LIVING IN THE PAST: REENACTORS OF THE GASKILL BROTHERS GUNFIGHTERS

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By Ariele Johannson

April 9, 2013 (Campo)--The reenactors involved in this fascinating hobby of bringing the famed Campo Gunfight to life have their own histories and stories of how they came to portray the Old West—that is, when they are not working as investment brokers, linemen, firefighters, lawyers, and more.

Frenchy (photo, right) is played by Bear Larsen, who has acted in Hollywood movies, such as The Dogs directed by John De Bello, best known for directing Attack of the Killer Tomatoes. Larsen has been involved in reenacting for over 30 years. He speaks about it this way: "I love doing it. It's in my heart."

The man who played Cruz Lopez (photo, below left) is Epiphany Lopez or "Epie" from Potrero (though no relation to Cruz). “My family has been in San Diego since 1769,” he proudly exclaims looking like a Californio in his period dress. He is related to the Machados, who were among the first families in Old Town, San Diego.

His wife, Lolie Lopez, is also a reenactor who portrays women of the period. Epiphany Lopez has been a “gunfighter” since 1982, back when the Gaskill Brothers Gunfighters used to be called the Campo Gunfighters. His cousin, Jaime Lopez, a retired federal wildfire fighter, has also recently joined the group. For years, he watched Epiphany act in skits and it eventually, "roped him in."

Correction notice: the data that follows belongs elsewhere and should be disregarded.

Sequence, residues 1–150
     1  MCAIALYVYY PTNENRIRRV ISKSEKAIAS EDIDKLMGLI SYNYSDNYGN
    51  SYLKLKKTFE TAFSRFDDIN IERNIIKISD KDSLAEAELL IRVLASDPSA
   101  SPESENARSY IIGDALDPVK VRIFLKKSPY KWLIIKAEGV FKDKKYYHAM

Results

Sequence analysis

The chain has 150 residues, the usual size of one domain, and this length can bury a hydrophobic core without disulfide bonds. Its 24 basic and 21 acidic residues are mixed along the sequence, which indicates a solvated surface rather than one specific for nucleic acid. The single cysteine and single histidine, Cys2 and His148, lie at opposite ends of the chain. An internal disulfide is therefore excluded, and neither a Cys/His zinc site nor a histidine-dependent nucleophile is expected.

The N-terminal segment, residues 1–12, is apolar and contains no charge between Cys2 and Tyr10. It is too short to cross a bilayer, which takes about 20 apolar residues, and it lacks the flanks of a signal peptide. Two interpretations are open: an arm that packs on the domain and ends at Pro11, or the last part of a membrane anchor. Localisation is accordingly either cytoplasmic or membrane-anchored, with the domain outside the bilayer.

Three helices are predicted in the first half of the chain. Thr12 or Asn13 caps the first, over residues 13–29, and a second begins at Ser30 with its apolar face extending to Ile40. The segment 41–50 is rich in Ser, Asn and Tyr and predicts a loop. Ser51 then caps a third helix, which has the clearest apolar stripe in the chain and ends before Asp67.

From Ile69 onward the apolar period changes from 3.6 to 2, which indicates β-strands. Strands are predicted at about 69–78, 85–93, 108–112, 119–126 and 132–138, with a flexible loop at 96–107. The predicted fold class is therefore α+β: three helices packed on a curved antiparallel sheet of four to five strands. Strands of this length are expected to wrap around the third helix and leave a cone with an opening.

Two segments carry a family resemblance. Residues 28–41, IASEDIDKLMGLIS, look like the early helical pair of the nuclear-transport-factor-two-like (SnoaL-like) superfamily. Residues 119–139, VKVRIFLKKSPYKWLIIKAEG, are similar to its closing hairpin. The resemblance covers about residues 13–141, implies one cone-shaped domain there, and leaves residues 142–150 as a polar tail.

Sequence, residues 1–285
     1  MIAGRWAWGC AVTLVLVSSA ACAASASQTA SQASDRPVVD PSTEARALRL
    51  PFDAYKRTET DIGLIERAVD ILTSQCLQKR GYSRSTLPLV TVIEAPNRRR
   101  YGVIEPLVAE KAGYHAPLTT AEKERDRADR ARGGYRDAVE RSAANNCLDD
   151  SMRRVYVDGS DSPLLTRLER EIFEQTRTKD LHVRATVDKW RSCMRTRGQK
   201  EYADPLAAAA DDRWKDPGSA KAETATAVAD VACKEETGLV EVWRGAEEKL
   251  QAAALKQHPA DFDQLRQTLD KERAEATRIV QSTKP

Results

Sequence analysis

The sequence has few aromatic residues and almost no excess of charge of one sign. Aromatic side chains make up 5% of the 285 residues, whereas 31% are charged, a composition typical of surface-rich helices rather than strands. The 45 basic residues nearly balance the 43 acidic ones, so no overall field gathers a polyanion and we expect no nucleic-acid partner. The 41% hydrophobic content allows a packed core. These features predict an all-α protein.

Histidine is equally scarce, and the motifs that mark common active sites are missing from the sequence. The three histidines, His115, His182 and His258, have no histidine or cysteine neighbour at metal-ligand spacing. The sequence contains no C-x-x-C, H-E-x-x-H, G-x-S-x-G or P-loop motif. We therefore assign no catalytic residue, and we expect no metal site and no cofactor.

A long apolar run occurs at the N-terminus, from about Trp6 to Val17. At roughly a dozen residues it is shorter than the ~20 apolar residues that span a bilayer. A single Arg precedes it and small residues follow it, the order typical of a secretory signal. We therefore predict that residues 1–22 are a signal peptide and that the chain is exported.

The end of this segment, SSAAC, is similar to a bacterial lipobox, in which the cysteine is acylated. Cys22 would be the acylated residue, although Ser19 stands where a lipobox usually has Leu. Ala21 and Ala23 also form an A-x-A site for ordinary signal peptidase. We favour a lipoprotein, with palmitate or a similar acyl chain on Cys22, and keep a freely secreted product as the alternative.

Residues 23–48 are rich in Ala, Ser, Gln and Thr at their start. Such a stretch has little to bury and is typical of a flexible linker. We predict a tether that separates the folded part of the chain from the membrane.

Another of the ladies, Jan Hedlun of Potrero, portrayed a woman of the town in this skit. She and her “husband” came into the Campo Store to get supplies just before it was attacked. Jan said that after her real-life husband died, she saw one of the skits. Jan credits Lolie with getting her involved. “I need help,” Lolie told her. “Here’s a costume.” (photo right: Jan Hedlun and Lolie Lopez)

Jim Garza (photo, top of article, left) has been with the Gaskill Brothers Gunfighters four years. He describes how he began putting together his outfit, piece by piece. Careful preparation adds authenticity to the reenactment. "I made the pants and jacket myself,” he says, “and I made the gun belt and the holster with leather-working tools." He then crafted a persona: Santiago Rawlins, of Welsh and Mexican descent.

Taking facts from his own roots and weaving them with stories he researched of the Old West, he put together his new identity. Santiago is the Spanish equivalent of James, his own name. (In the Campo Gunfight, he played a member of the Chavez gang.) “Santiago” is a Southern Texas and Northern Mexico vaquero. “My Mom’s Welsh and my Dad’s Mexican. For my character, I switched that,” said Garza, whose own ancestor fought in the Mexican-American War, and met his wife around the time of the Battle for Mexico City. He was wounded and she was a nurse taking care of him.

Some of the reenactors also belong to an older group called The Hole in the Wall Gang. David Sommerville (photo, left), who played Silas Gaskill in the gunfight, stated that The Hole in the Wall Gang started after 1945 when men were returning from World War II. At that time, they were all horsemen. Bryon Harrington is the skit director for that “gang.”

 

View a reenactment of the Campo Gunfight, with videos:  http://www.eastcountymagazine.org/node/12956

Click here for the fascinating history behind this true tale:  http://www.eastcountymagazine.org/node/12958